(Image Credit: iStockPhoto/olaser)
Ten years ago, there were around 7-8 telecom network equipment makers in the market e.g. Ericsson, Nokia, Huawei, Siemens, Motorola, Alcatel, lucent, Nortel etc. That was the time when third generation networks were getting deployed and the focus was shifting from voice to data across the globe.
In the past decade, we’ve seen lot of mergers, acquisitions, and collaborations across telecom network equipment manufacturers (e.g. Alcatel and Lucent, Nokia and Siemens, Motorola network equipment unit was acquired by Nokia, Nortel sold its businesses to a number of companies including sale of its CDMA and LTE assets to Ericsson, ALU takeover by Nokia, and growing collaboration between Ericsson and Cisco.)
As of writing this article, it’s a tripartite race between Ericsson, Nokia, and Huawei. While Huawei has been posting staggering results and has grown rapidly during the last decade, both Ericsson and Nokia have seen slow or stagnant growth and undertook rounds of restructuring to cut costs and jobs. Huawei is now the single biggest supplier of technology and related services to the global communications service provider (CSP) sector by sales, having overtaken Ericsson, Nokia, and other rivals in 2015. I am leaving out Cisco and ZTE as their share in CSP sector is relatively small as compared to the big three.
Figure below depicts the effects of mergers in telecom equipment vendors market:
Figure 1: Consolidation of telecom equipment vendors
There are several factors which contributed to these mergers, takeovers, cost cuttings, and declining sales for telecom network equipment manufacturers, primary being disruption caused by Huawei. Huawei came up with cheaper equipment in comparison to its western rivals putting lot of pressure on them. Few of the bigger and established players didn’t respond to the changing market conditions in time and some were plagued by poor management decisions. Huawei also focused on offering end-to-end service portfolios for the operators instead of just focusing on being a RAN, Core, or IP player. Huawei sensed the convergence between telecom and IT, and quickly became an ICT company.
Let’s have a look at Ericsson, Nokia, and Huawei’s past and current performance, and future outlook:
The Swedish behemoth still remains one of the oldest telecom companies in the world having completed 140 years of operations earlier this year. Ericsson has long been a leader in the global mobile infrastructure market, holding a market share of over 30%. However, its share has declined over the past 2-3 years as operators have reduced network spending. Much of the infrastructure (2G/3G/4G) to connect 90% of the world’s population is already in place, so there is not much left to build out. Ericsson’s core telecom business is not growing and sales have been stagnant for the last 4-5 quarters to say the least.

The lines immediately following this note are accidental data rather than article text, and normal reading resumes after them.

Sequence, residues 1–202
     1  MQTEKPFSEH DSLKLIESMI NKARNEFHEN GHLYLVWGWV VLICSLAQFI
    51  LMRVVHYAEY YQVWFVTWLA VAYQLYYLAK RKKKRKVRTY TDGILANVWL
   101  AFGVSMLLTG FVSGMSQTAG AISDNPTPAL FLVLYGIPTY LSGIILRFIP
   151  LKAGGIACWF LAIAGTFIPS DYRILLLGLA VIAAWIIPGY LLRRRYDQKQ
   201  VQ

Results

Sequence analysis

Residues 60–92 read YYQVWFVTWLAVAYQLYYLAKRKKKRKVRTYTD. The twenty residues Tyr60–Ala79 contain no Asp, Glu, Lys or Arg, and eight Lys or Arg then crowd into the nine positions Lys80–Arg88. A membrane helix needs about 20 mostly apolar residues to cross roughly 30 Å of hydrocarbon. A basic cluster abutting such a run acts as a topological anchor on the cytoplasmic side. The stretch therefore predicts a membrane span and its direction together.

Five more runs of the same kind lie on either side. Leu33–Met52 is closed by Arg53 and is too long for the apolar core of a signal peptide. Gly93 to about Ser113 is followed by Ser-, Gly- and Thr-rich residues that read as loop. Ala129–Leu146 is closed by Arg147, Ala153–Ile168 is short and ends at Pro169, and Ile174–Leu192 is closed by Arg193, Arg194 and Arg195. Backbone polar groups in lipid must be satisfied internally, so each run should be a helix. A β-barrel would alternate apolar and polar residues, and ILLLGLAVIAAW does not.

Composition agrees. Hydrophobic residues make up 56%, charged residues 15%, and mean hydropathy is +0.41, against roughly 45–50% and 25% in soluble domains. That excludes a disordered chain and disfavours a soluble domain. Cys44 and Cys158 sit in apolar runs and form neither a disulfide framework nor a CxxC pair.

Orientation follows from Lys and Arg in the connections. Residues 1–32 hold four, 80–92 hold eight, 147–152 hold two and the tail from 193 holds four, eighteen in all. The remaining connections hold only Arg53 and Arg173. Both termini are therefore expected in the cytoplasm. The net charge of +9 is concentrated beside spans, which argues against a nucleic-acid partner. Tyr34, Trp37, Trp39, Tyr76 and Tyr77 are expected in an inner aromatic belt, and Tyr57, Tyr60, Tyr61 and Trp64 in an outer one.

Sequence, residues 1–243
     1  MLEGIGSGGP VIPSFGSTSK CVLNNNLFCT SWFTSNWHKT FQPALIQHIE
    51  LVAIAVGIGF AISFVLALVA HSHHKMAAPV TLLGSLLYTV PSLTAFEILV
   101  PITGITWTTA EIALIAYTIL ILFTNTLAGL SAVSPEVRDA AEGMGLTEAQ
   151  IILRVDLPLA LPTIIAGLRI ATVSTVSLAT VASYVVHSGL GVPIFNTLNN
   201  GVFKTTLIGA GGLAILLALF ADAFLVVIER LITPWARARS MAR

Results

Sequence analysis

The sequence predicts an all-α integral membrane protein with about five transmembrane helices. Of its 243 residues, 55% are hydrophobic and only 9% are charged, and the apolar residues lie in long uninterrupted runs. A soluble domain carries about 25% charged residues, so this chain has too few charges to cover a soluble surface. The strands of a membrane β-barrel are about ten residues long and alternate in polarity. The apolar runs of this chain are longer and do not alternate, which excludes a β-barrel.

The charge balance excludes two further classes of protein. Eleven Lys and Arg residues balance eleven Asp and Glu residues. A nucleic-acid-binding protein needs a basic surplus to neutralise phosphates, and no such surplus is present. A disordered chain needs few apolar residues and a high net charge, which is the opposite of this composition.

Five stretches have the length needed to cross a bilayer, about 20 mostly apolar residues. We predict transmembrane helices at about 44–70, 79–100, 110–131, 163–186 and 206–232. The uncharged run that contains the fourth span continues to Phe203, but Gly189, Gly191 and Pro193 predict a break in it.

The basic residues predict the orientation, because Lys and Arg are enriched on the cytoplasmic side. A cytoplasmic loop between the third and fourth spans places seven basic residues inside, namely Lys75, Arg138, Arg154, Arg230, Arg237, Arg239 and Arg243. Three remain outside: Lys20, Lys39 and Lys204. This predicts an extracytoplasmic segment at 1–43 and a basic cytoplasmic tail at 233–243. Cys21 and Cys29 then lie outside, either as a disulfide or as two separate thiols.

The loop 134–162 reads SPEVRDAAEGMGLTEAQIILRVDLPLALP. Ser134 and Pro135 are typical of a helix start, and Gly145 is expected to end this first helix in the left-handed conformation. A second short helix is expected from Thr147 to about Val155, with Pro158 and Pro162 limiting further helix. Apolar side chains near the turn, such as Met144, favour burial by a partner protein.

After disappointing Q2 2016 results, Ericsson’s CEO Hans Vestberg has stepped down facing pressure from major shareholders. During his last few years, Mr. Vestberg invested in new areas such as media, cloud etc. although these investments are yet to bear fruit for Ericsson. The incoming CEO (most likely to be an external candidate) has multiple challenges of turning around the company amid the cost-cutting program along with generating revenues from non-telecom businesses and lead Ericsson’s progression towards a true ICT company. Late last year, Ericsson collaborated with Cisco to offer an end-to-end service portfolio and counter a threat posed by the Nokia/ALU merger. Ericsson has also forged an alliance with Amazon Web Services to accelerate cloud transformation for telecoms service providers.
With a weak macroeconomic environment and tough telecom market for next 1-2 years, the road is not easy for Ericsson. The new CEO will also take time to formulate his/her strategy so it won’t be a surprise if Ericsson continues to report not so impressive numbers for the next few quarters. Although I believe that Ericsson hasn’t done that badly, it’s just the overall telecom market is not growing and should be able to bounce back given its robust fundamentals and past track record!
Finland’s Nokia has seen it all: rise, dominance and epic fall, sell off, and back to stability. For the uninitiated, Nokia is a 150-year-old company started out as a paper mill in the year 1865. Since then, it has made rubber, tires, TVs, communication cables and even military equipment before settling down in telecom. Once the world’s largest mobile phone maker for more than a decade, Nokia is now much leaner and fully focused on telecom network equipment business. It has been an action packed last one year for Nokia.Last year, its €15.6 Billion deal to buy Alcatel-Lucent was considered as a master stroke by analysts enabling Nokia to become an end-to-end telecom service provider covering all infrastructural aspects (RAN, Core, IP, optical etc.)